The leopard was not Van Dyck’s only attraction. He informed readers that he had “several other Animals, which will be seen at the same Time,” though he did not indicate which other animals comprised the rest of the show. The leopard was the star, the exotic beast that Van Dyck expected would draw viewers willing to pay a shilling to glimpse a creature so out of the ordinary compared to the sights they encountered on most days. The woodcut underscored that the leopard was a true curiosity that readers did not want to miss.

June 16

What was advertised in a colonial American newspaper 250 years ago today?

Large or small Entertainments provided, in the most genteel Manner.”

Jun 16 - 6:16:1768 New-York Journal
New-York Journal (June 16, 1768).

As summer arrived in New York in 1768, Josiah Davenport continued placing advertisements in newspapers published in that city to inform colonists planning to visit Philadelphia that he had recently opened a new inn and tavern “called the BUNCH of GRAPES.” This was not merely a way station for food and lodging but instead “a genteel HOUSE of ENTERTAINMENT, for travelers and others.”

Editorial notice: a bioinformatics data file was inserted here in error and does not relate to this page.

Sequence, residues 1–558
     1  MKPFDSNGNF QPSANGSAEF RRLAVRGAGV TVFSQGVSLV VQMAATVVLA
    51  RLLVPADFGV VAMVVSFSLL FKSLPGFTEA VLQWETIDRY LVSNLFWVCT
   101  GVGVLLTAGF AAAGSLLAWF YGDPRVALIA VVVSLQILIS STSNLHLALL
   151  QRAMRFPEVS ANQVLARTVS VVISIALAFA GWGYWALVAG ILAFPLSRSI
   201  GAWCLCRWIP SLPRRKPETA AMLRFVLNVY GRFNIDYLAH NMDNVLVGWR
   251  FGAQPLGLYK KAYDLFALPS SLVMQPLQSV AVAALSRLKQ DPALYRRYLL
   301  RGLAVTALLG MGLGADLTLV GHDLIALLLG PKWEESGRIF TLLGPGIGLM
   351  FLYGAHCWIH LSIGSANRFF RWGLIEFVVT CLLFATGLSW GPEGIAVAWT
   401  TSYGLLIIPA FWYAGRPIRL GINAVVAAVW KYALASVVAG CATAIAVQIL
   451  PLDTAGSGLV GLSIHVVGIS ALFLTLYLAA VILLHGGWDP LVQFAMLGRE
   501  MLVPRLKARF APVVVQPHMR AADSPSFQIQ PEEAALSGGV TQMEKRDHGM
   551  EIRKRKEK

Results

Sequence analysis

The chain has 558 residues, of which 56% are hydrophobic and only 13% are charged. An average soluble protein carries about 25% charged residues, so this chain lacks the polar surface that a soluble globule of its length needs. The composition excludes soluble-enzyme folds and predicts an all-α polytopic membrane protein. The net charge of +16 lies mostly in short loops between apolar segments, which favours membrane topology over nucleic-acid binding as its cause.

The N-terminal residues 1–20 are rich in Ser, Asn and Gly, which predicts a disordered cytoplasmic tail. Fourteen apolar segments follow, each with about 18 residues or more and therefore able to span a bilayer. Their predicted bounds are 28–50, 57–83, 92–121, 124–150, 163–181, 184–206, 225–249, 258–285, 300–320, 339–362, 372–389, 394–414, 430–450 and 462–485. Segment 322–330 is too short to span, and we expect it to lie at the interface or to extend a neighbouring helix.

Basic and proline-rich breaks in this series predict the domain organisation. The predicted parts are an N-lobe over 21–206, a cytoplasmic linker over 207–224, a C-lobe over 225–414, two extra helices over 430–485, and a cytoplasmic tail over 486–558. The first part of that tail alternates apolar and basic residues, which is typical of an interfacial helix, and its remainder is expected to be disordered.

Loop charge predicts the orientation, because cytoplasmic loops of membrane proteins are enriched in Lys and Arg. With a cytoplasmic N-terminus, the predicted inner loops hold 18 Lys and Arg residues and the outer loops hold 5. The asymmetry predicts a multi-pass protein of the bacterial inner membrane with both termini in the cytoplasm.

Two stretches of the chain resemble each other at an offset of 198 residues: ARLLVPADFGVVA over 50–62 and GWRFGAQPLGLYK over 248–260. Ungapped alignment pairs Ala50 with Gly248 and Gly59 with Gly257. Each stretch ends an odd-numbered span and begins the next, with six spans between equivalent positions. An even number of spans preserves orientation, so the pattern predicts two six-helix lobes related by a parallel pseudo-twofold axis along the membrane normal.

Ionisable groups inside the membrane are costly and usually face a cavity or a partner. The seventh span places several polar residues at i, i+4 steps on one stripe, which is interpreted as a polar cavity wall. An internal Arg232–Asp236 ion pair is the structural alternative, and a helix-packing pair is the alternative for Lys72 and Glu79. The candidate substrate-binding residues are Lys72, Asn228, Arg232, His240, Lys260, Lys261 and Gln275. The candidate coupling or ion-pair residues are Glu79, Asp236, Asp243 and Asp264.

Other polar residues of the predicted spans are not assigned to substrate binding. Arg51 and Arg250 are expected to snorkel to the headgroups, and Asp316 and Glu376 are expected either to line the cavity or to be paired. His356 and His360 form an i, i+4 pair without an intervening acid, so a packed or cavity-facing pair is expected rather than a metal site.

Yet New Yorkers did not need to travel to Philadelphia to enjoy the sorts of amenities Davenport advertised. Starting with the June 16 edition of the New-York Gazette (number 1328), Samuel Francis (more commonly known today as Samuel Fraunces) announced that his summer resort at the edge of the city, “VAUX-HALL GARDEN,” was open for business. Naming his pleasure garden after Vauxhall Gardens of London, Fraunces opened “VAUX-HALL GARDEN” at Spring Hill, a villa located on the Hudson River, in 1767. The establishment competed with nearby Ranelagh Gardens, the site of several fireworks exhibitions in the spring of 1768. Fraunces countered the series of advertisements for the fireworks shows with his own notices, slated to appear in the New-York Gazette for at least four weeks (according to the issue numbers – “28 31” – that the compositor inserted at the end of the advertisement).